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[DPRG] Spectral Content

Subject: [DPRG] Spectral Content
From: Michael C. Menefee mikem at mnetwork.org
Date: Sun Jul 27 20:11:53 CDT 2008

Most remotes use a laser diode at 808 or 850.  While this is in an
atmospheric pass band, the detector sensitivity comes from the
modulation, not the wavelength.  Radio Shack used to sell remote control
receiver modules.  Not sure if they still do.

A couple more data points:
- any Si-based detector is going to start falling off in sensitivity
around 900nm, +/- 100nm or so depending on how they doped it.

- Until you get out to around 5000 nm or so any IR you see will be due
to natural or artificial light.  Thermal IR is well below what you're
doing with anything in the 700 to 2000 nm range.

-----Original Message-----
From: Ed Paradis [mailto:legomaniac at gmail.com] 
Sent: Sunday, July 27, 2008 5:50 PM
To: Kenneth Maxon
Cc: dprglist at dprg.org
Subject: [DPRG] Spectral Content

That is a great graph. It looks like there is a big gap around 900nm
and another around 1100-1200nm.  I wonder if the 'IR' that most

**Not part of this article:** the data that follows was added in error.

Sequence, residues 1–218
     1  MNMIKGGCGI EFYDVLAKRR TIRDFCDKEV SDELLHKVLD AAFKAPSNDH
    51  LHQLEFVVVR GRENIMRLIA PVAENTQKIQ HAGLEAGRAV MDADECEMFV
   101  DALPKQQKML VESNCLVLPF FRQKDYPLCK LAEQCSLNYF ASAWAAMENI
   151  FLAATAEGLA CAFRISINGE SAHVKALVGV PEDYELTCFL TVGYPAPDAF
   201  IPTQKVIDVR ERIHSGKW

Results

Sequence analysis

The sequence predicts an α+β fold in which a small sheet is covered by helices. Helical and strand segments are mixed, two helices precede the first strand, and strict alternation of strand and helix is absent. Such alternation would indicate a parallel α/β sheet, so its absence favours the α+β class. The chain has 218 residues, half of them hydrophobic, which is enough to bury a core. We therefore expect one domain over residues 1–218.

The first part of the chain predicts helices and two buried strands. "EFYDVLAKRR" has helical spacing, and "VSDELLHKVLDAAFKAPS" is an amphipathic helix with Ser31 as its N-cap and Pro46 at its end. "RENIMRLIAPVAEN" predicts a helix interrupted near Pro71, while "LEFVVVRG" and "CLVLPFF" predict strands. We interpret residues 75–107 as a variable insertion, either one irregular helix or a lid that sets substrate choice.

remotes use is around that range.  It would be wise, as at that point
your signal to noise ratio would be much better.

Ed

On Sun, Jul 27, 2008 at 3:23 PM, Kenneth Maxon <kmaxon at qwest.net> wrote:
>
>
> Good observation.  In the IR range there is still plenty of spectral
> content, although from a energy delivered as natural light source it
is
> beginning to fall off.  On the other hand, in the UV spectrum the
earth's
> atmosphere is quite good at blocking a large percentage of the energy
coming
> through.
>
> http://squ1.org/files/wiki/solar/spectral-content.gif
>
> -Kenneth
>
>
>
> -----Original Message-----
> From: dprglist-bounces at dprg.org [mailto:dprglist-bounces at dprg.org]On
> Behalf Of John Swindle
> Sent: Sunday, July 27, 2008 1:43 PM
> To: dprglist at dprg.org
> Subject: RE: [DPRG]Wall-E -> 1GHZ computers laser rangefinding
>
>
> Folks:
>
> I disagree with one of the comments about using IR instead of
> visible light, supposedly because there is too much visible light
> noise in the environment. A similar reasoning error is made when
> thinking about using 40KHz for sonar, thinking that there's less
> sound noise around that frequency. Just because we can't hear or
> see something says nothing about how much noise there is at those
> frequencies. Indeed, there's lots of IR noise. Everything is
> somewhat hot. And for sonar, the harmonics of our machines and
> our squeaky sneakers are well above our range of hearing. The key
> to rejecting noise is the modulation.
>
> Back to my passive sonar stuff now. (I'm using audible sound so
> that I can debug it with my ears instead of always depending on
> the microphones and calculations.)
>
> John Swindle
>
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